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Scoring & Tackling

Charles Sharples of England scores a try during the IRB Junior World Championship 2009 in Japan

Photo: Getty Images

Scoring

The object of the game is to outscore your opponents over the course of the 80-minute match. There are four ways to score points. The most valuable, a try, is scored when a ball-carrier grounds the ball over the try line (the line the H-shaped posts stand on).

The team picks up five points for this and gets the opportunity to kick a conversion, which is a free kick at goal from a point directly in line with where the try was scored. If the ball goes over the bar and between the posts, it is a conversion and the team is awarded two points.

At any time during open play a player can attempt to kick the ball between the posts and over the bar using a drop kick. If they are successful it earns three points. Look out for drop-goal attempts when a game is tight and the clock is running down. It's how Jonny Wilkinson famously won England the IRB Rugby World Cup in 2003.

The final method of scoring points is with a penalty kick. Penalties can be awarded by the referee for a number of infringements. Once awarded a penalty, the team captain can choose either to kick for goal, kick for the touchline, or run with the ball in hand.

A successful penalty kick at goal is worth three points. The precise left boot of Jonny Wilkinson has earned big returns for England: he has scored more than 220 penalties, a success rate of nearly 75%.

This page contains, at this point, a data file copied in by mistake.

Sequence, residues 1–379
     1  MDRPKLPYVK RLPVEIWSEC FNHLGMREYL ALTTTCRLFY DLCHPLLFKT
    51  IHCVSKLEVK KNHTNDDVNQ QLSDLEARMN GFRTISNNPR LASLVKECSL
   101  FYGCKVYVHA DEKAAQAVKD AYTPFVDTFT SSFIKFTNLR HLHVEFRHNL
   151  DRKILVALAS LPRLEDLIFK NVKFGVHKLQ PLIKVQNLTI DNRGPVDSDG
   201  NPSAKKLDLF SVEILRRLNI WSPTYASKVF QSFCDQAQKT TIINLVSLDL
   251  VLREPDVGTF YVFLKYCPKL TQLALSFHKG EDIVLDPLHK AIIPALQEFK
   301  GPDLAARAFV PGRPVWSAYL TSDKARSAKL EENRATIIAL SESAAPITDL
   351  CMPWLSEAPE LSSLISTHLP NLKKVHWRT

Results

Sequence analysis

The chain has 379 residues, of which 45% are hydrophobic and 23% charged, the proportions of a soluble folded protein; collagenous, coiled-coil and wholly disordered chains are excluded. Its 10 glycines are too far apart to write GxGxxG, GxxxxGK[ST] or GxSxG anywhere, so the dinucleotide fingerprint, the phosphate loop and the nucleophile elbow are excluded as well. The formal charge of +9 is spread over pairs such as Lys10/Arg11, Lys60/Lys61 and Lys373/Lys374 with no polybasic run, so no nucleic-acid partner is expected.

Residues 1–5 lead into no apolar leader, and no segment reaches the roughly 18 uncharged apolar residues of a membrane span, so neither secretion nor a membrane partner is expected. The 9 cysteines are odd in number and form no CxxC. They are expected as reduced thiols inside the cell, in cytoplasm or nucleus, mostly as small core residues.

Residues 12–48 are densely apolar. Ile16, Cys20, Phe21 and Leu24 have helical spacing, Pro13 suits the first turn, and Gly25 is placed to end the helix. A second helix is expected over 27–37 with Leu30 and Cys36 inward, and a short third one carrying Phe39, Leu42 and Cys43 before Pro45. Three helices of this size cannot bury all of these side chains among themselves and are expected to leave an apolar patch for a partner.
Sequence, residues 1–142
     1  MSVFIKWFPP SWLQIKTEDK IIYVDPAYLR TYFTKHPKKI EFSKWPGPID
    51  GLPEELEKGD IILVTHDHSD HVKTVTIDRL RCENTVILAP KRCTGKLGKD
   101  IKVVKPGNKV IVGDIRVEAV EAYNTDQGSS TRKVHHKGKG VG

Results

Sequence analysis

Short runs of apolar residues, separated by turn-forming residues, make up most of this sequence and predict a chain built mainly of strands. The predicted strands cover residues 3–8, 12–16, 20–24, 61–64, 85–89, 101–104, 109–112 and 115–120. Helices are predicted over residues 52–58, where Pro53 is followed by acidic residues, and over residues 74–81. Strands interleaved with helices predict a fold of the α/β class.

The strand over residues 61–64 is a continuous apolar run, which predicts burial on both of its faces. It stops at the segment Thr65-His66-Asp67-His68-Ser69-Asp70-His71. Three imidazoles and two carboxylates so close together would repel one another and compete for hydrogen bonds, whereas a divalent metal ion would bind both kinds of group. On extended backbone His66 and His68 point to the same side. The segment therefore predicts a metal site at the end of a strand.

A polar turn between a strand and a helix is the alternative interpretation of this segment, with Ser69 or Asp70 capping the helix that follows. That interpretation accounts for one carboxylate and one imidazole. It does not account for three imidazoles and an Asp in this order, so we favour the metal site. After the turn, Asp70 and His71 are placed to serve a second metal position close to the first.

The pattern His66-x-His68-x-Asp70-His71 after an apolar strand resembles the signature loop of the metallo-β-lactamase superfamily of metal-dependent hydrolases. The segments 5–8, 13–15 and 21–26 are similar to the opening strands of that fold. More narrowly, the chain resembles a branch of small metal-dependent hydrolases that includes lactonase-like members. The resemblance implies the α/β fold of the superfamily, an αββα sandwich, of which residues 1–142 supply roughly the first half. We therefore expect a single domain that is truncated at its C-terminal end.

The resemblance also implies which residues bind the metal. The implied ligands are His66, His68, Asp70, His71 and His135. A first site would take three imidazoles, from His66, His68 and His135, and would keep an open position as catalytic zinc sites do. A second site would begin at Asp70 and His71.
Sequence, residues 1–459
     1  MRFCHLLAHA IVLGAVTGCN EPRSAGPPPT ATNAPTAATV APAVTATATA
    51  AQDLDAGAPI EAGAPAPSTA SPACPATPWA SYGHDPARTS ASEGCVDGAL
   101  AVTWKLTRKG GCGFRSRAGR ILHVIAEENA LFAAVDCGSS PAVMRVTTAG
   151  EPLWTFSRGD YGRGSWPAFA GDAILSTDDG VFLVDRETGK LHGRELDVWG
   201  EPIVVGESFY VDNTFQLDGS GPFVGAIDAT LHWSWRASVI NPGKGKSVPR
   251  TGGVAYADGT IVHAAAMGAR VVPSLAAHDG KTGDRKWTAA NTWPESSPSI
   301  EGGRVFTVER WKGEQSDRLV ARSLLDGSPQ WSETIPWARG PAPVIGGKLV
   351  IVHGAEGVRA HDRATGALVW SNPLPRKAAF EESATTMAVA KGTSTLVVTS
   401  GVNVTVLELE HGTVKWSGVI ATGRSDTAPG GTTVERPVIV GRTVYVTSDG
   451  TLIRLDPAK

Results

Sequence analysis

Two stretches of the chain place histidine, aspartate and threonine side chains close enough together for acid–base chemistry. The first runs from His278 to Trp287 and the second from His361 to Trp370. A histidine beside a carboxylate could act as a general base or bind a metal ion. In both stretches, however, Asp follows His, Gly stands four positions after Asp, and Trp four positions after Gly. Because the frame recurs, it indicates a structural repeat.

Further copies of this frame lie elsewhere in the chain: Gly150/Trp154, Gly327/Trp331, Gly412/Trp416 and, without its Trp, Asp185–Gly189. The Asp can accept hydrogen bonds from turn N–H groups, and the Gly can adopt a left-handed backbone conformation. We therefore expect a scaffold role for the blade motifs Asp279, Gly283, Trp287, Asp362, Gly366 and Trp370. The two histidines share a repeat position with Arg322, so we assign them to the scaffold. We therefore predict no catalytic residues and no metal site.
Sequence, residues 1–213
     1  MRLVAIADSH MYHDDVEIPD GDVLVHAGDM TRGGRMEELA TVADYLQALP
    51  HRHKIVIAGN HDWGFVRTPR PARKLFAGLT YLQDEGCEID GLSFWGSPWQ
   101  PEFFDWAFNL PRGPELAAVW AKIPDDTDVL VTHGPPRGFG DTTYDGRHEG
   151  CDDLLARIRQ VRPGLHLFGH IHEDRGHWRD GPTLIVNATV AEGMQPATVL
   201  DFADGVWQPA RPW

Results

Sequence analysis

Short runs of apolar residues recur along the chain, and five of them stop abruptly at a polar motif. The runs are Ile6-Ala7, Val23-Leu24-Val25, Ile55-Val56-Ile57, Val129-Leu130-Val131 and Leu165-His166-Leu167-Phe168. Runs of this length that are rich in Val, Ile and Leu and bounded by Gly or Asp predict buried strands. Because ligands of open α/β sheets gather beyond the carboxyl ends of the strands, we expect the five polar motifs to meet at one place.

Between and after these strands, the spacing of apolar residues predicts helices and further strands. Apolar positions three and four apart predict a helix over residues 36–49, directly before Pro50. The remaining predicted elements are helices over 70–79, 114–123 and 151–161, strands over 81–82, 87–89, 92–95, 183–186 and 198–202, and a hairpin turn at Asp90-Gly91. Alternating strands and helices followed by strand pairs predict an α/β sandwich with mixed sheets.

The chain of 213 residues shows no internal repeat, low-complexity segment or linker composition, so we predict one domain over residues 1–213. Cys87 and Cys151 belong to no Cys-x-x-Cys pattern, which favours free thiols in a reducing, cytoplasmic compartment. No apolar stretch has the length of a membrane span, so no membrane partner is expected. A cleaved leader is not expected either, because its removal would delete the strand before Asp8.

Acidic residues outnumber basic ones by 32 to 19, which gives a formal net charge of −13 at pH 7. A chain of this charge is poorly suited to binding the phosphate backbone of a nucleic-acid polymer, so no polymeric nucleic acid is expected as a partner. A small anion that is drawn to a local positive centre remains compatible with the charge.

Tackling

A tackle is one of the most physically confrontational parts of the game. It is completed when a player in possession is held and brought to the ground by a defender. If they can, a player who has been knocked to the ground may get up and continue playing. Because tackling is such a combative part of rugby, there are a number of rules governing what counts as a legal tackle, all of which have been introduced in the interests of safety.

Just barging someone over is not considered a tackle. If a tackle is made above the shoulder, or the tackler makes no attempt to wrap his arms around the ball-carrier, it is deemed dangerous play and can be penalised. Similarly, if a tackler picks up the ball-carrier and turns his or her body past the horizontal, he or she will be penalised for 'spear' tackling. In spite of these restrictions an aggressive tackler can be as much of an asset as a pacy winger or creative fly half.

Gonzalo Garcia of Italy makes a tackle on Lelia Masaga of the All Blacks

Photo: Getty Images

Once a legal tackle has been completed and the ball-carrier is on the ground, they must release the ball immediately or risk being penalised by the referee. ‘Holding on’ will result in a penalty to the opposition.

Ideally, the player will try to present the ball behind them for a team-mate to collect. The tackler, or any other players entering the tackle area, must be on their feet before attempting to play the ball and must approach the ball from their own side. Failure to do so will result in a penalty.

The situation often resulting after a tackle is known as a ruck. Details of this can be found on the teams and playing page.

 

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